Powell Is Wrong. More Stimulus Won’t Create Employment

As discussed in Friday’s #Macroview, stimulus, mainly when it comes from debt, does not create organic economic growth. In the second part of this analysis, we delve into why Powell is wrong when he says more stimulus will solve the employment problem.

Let’s start with the two most essential snippets from Fed Chair Jerome Powell’s speech last week:

“Correcting this misclassification and counting those who have left the labor force since last February as unemployed would boost the unemployment rate to close to 10 percent in January.”

“It will require a society-wide commitment, with contributions from across government and the private sector.”

I agree with his first point. If you account for those no longer counted as part of the labor force, the real unemployment rate (more commonly known as the U-6 rate) is near 10%.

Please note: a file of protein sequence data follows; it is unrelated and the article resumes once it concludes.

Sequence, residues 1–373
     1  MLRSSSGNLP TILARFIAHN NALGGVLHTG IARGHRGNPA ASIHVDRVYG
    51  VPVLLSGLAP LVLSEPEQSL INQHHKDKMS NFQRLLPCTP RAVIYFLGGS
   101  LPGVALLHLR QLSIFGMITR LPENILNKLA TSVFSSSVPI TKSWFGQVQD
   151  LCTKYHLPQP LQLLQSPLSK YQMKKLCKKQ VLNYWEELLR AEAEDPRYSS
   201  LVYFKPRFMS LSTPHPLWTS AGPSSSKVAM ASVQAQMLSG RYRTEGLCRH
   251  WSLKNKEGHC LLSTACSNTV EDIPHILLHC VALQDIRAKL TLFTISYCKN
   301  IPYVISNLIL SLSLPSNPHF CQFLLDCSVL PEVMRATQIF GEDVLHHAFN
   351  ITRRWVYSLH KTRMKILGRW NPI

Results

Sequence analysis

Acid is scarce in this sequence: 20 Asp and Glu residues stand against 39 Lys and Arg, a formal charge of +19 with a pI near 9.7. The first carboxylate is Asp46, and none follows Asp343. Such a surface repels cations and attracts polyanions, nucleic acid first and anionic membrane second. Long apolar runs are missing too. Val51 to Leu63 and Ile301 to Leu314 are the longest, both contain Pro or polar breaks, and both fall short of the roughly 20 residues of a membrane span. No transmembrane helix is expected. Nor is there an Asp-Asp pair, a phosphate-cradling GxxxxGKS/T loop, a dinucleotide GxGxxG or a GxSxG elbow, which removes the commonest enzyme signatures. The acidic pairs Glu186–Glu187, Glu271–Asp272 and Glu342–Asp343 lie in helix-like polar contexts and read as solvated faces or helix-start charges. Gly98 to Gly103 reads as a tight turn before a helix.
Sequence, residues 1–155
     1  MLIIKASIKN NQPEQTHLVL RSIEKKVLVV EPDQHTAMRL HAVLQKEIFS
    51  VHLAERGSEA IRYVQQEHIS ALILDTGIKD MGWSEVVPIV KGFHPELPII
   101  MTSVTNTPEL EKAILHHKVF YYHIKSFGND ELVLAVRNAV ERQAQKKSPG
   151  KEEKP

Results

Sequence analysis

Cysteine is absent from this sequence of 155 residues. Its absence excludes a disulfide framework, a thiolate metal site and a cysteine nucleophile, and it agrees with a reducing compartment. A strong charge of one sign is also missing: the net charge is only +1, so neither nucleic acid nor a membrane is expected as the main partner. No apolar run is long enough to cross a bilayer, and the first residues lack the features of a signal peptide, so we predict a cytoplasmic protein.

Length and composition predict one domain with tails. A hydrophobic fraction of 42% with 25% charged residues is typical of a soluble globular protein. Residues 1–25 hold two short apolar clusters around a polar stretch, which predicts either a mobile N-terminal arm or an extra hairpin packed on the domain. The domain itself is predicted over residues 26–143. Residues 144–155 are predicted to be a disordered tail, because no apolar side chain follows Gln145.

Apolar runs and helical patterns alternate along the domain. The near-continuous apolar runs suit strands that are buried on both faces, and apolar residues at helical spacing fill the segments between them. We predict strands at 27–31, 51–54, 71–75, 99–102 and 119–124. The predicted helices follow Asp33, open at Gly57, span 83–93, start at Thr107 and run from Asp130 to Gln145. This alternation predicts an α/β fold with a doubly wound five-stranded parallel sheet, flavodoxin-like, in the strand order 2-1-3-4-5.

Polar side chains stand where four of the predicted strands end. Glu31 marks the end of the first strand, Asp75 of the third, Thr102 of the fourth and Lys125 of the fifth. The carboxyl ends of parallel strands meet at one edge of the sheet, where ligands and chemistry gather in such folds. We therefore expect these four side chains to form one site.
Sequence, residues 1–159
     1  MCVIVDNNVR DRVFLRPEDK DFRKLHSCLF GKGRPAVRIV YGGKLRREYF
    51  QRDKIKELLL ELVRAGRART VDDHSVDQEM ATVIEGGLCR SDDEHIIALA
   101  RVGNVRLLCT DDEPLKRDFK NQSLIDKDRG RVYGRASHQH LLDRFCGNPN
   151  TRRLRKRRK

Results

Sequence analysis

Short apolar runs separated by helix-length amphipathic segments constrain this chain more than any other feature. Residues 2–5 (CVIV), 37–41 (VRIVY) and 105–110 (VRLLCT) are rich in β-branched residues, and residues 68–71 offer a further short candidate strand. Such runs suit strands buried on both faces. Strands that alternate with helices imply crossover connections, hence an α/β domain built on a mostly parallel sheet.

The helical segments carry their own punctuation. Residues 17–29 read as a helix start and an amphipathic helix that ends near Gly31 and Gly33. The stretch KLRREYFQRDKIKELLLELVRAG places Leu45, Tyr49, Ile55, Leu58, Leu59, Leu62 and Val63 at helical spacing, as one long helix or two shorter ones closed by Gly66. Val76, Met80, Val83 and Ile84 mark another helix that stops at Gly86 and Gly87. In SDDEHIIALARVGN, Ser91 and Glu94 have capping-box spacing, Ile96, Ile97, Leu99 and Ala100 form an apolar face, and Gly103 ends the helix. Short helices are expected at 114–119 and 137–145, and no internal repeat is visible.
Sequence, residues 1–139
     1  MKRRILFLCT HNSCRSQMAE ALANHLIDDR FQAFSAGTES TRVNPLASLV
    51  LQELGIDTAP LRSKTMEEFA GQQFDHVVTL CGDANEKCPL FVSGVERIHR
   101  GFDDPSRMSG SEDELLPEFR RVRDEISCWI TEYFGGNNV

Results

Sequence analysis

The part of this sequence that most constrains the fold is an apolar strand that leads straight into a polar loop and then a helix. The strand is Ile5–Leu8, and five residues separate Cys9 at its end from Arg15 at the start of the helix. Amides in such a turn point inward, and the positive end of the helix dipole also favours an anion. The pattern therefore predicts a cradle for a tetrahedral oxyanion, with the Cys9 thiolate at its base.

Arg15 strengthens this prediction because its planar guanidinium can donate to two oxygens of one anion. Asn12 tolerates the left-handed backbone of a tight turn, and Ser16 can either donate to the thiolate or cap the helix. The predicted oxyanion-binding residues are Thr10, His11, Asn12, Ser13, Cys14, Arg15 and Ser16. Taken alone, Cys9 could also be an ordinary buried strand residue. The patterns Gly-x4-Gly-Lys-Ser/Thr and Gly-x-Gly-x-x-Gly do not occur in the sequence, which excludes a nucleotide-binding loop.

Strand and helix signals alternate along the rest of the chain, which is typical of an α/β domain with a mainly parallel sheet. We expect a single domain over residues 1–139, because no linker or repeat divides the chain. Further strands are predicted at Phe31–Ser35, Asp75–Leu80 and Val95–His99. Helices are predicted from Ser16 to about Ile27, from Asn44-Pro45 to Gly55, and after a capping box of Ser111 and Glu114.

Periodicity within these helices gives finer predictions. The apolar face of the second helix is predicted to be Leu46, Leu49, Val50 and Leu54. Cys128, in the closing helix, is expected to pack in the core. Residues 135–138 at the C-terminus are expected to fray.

Powell stimulus employment, Powell Is Wrong. More Stimulus Won’t Create Employment

However, where I disagree, as we exposed in part one of this discussion, monetary and fiscal supports when they are non-productive, do not create the confidence required for economic growth.

The Confidence Problem

To understand why confidence is necessary, we need to go back to 2010 when then-Fed Chairman Ben Bernanke revealed the Fed’s “Third Mandate.” To wit:

“This approach eased financial conditions in the past and, so far, looks to be effective again. Stock prices rose and long-term interest rates fell when investors began to anticipate the most recent action. Easier financial conditions will promote economic growth. For example, lower mortgage rates will make housing more affordable and allow more homeowners to refinance. Lower corporate bond rates will encourage investment. And higher stock prices will boost consumer wealth and help increase confidence, which can also spur spending.”

For the Fed, “confidence” is the key to economic growth, given the economy is roughly 70% comprised of personal consumption. Unfortunately, the Fed believed inflating asset prices would “trickle-down” to the rest of the economy. Such would lead to more consumption and economic growth.

That didn’t occur.